Domestic violence affects millions of people each year and has far-reaching consequences for those experiencing it, their families, and their communities.

“The purpose of Domestic Violence Awareness Month (DVAM) is to mourn those lost to abuse, celebrate survivors, and network for change,” says Sarah Fader in an article published by the mental health website betterhelp.com. Each year, the focus in October helps connect advocates with their communities, working to end violence within the home.

Domestic violence is a serious problem that affects many families and does not only refer to physical violence; it also takes into account threats, unwanted visits and phone calls, insults, forced sex, and taking financial control.

The National Intimate Partner and Sexual Violence Survey from the CDC shows that 20 people per minute experience physical violence by an intimate partner in the U.S. on average. Estimates suggest that domestic violence from an intimate partner affects everyone of all gender and sexual identities. One in four women and one in seven men will experience physical violence from an intimate partner at some point in their lives, and 45 million children are affected annually by domestic violence.

One major problem those working to end domestic violence face is that people know that domestic violence is common but don’t know what to do if they suspect someone is experiencing it. Unfortunately, many survivors do not seek medical care for the injuries and are afraid to leave their current situation.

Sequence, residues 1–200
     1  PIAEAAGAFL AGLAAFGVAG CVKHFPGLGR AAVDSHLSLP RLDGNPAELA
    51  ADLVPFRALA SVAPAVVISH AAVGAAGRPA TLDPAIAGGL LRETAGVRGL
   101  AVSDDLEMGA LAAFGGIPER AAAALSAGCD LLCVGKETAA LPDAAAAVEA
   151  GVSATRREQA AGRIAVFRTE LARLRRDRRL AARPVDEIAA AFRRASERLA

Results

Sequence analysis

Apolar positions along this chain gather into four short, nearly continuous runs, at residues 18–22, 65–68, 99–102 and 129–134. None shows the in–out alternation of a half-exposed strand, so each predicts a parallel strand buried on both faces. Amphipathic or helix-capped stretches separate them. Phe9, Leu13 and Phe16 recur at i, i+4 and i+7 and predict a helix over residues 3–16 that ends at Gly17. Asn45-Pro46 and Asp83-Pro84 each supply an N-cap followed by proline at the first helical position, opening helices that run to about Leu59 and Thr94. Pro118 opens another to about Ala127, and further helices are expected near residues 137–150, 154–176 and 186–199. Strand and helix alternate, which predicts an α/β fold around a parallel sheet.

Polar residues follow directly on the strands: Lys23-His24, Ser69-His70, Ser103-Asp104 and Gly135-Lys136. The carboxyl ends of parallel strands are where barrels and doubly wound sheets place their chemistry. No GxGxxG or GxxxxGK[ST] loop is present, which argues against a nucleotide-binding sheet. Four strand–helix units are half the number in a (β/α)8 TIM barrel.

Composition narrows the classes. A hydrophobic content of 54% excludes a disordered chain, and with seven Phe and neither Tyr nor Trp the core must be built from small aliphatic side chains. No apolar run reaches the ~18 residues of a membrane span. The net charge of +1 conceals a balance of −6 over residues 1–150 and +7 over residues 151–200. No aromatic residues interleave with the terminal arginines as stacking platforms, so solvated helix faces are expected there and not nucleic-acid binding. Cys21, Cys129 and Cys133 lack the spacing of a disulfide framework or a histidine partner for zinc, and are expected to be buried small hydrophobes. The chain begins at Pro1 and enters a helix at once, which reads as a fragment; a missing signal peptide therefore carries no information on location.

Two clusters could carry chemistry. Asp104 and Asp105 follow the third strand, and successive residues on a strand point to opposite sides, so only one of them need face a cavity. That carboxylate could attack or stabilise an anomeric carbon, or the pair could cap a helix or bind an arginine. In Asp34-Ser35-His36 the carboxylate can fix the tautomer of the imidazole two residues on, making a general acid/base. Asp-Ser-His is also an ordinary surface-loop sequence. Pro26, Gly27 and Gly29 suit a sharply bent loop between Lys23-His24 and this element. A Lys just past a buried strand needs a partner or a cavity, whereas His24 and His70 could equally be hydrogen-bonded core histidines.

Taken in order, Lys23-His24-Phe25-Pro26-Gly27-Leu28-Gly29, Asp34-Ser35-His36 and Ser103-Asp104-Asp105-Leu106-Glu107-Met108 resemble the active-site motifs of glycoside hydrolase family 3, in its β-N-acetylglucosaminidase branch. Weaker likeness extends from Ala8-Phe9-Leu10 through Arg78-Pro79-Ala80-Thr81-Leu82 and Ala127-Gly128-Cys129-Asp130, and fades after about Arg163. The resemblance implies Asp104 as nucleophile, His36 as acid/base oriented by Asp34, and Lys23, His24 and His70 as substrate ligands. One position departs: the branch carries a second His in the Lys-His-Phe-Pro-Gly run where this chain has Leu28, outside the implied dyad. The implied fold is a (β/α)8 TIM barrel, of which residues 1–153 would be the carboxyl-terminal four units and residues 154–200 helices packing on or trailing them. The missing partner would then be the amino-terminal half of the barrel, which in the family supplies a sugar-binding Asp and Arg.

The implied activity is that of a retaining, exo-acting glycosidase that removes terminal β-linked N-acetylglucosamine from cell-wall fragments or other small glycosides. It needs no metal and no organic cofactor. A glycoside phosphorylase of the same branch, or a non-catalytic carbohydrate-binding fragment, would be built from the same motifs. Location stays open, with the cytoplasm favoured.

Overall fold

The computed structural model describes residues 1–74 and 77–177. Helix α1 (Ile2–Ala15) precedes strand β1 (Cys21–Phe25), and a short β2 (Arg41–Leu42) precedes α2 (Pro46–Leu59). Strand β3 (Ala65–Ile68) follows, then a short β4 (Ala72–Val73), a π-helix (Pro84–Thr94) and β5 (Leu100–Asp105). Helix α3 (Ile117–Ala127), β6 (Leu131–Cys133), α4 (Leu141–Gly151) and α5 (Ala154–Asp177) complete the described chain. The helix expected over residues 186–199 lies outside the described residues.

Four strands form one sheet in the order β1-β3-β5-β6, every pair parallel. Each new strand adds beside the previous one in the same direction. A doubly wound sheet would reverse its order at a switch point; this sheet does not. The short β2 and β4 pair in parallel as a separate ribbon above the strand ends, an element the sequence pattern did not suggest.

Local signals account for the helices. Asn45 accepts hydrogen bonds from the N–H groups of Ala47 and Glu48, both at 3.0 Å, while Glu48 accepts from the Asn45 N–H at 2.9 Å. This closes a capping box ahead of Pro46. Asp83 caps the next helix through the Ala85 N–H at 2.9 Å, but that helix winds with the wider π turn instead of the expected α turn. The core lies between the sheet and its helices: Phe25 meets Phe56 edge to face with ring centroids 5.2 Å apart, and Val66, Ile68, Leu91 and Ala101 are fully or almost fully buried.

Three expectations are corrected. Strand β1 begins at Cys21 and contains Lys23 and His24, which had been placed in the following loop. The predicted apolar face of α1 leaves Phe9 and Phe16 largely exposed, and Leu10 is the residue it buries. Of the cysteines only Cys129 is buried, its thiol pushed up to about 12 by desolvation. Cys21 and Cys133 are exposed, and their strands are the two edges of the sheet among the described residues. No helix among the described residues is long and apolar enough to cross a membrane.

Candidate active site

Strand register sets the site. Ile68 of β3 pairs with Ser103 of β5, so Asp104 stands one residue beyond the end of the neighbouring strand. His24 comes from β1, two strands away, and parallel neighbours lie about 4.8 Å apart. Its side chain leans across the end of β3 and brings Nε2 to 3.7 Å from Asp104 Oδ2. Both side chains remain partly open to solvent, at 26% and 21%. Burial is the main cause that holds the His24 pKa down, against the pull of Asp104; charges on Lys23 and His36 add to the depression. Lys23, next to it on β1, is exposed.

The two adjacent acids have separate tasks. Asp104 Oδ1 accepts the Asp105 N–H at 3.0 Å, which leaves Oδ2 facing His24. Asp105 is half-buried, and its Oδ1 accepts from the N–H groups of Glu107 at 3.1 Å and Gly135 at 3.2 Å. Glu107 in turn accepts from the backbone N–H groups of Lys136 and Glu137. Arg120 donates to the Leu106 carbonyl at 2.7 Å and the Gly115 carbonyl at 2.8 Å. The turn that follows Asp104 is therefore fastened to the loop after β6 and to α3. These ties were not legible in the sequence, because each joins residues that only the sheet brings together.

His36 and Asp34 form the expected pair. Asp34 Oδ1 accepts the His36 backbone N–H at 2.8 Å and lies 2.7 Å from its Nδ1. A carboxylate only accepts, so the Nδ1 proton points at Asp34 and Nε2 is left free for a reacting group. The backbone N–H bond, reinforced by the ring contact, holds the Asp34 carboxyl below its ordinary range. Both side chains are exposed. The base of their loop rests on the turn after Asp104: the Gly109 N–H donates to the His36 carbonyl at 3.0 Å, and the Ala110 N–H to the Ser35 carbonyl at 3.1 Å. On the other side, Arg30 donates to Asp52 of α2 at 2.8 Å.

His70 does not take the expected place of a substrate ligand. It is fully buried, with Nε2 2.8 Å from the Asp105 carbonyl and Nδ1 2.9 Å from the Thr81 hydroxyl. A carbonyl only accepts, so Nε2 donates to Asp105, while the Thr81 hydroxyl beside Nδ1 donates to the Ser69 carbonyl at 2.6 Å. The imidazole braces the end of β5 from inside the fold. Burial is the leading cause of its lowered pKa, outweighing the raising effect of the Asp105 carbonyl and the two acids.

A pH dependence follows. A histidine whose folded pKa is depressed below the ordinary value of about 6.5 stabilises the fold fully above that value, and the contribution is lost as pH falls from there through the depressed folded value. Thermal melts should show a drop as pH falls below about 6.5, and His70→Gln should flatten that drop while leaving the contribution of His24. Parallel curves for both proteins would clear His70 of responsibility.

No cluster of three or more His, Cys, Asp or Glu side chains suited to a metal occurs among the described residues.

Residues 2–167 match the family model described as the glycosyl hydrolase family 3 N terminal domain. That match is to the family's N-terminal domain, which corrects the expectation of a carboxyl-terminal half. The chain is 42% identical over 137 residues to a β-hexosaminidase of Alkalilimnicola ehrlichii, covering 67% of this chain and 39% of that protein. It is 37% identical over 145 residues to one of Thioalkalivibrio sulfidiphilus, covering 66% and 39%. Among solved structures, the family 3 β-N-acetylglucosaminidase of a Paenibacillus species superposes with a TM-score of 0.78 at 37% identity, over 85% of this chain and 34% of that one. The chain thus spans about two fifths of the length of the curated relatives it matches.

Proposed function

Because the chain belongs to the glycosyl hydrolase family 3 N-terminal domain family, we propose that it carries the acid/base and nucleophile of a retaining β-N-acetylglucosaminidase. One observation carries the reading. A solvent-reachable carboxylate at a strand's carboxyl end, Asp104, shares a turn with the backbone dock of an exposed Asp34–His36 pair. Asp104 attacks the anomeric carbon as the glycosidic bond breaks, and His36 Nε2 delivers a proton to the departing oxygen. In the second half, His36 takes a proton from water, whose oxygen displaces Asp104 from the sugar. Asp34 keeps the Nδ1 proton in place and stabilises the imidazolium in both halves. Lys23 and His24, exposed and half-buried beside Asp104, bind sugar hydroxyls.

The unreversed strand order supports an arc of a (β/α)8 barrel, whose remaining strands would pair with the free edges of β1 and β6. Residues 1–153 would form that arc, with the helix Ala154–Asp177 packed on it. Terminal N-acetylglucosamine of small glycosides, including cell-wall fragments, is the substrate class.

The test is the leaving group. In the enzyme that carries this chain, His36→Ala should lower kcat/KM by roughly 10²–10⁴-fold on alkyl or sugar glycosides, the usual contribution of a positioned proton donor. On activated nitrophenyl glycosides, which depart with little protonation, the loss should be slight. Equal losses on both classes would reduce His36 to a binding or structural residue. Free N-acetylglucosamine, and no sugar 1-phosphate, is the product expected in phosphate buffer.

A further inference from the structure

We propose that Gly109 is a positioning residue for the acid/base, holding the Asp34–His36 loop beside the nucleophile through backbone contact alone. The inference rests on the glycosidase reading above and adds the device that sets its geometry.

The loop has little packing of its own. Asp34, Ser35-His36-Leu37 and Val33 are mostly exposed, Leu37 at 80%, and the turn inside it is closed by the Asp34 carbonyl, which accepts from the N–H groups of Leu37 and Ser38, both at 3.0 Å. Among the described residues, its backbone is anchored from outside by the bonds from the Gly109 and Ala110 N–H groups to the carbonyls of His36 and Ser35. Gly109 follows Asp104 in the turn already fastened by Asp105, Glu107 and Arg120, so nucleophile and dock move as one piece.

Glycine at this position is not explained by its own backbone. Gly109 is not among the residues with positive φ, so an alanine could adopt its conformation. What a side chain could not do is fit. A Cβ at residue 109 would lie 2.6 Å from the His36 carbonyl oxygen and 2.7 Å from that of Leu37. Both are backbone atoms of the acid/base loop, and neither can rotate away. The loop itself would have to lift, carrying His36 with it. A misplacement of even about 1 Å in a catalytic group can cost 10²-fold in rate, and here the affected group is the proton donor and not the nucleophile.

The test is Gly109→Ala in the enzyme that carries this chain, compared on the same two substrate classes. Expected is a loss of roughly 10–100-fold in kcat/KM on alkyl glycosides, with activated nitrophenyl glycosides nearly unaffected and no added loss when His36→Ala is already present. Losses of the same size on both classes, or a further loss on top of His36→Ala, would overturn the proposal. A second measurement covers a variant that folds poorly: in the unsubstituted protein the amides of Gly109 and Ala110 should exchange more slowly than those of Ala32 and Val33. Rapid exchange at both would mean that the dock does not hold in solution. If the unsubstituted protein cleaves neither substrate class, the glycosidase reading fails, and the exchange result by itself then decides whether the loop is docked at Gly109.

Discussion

The solution is to share ways everyone can participate in the Domestic Violence Awareness campaign:

  1. Wear Purple - The purple ribbon is considered a unifying symbol of courage, survival, honor, and dedication to ending domestic violence. Supporters can also wear a purple t-shirt or accessories like bracelets or necklaces to create awareness.
  2. Launch A Public Awareness Campaign - It can be as complex as organizing a large-scale event to something simple like coordinating a flash mob or volunteering to man a booth at a community event. (Ask Programs for Peaceful Living for more ideas.)
  3. Spread The Word - This is the perfect time to create awareness and start a conversation about domestic violence. You can spread the word in many ways, like connecting with the media or using social media to inform people about the importance of domestic violence awareness.
  4. Volunteer - It may be less obvious, but it is an equally impactful way to show your support and that you care. Volunteers can make a difference in the lives of people who experience domestic violence.
  5. Share Your Story - If you have been affected by domestic violence, sharing your story can inspire someone else to get the help they need. Sharing your story can also help people who have not experienced domestic violence firsthand realize how important it is to rally for change.

If you are experiencing domestic violence, there are many available resources to help you find a way out of the situation and provide ongoing support while you heal. You can be connected with personal advocacy assistance, support groups, and online counseling services by calling the National Domestic Violence Hotline at 1-800-799-7233. 

The National Hotline will also connect you to a local Crime Victim Service Center like Programs for Peaceful Living. For more information about crisis services and community resources in Klickitat County, call 509-493-2662 and ask for the Programs for Peaceful Living office in either Goldendale or Bingen. Office hours are Monday through Thursday and Fridays by appointment. One-on-one advocacy and support group services are currently conducted by phone and by zoom for the health and safety of both clients and staff. 

If you are in Crisis, contact the 24/7 Crisis Line at (844) 493-1709.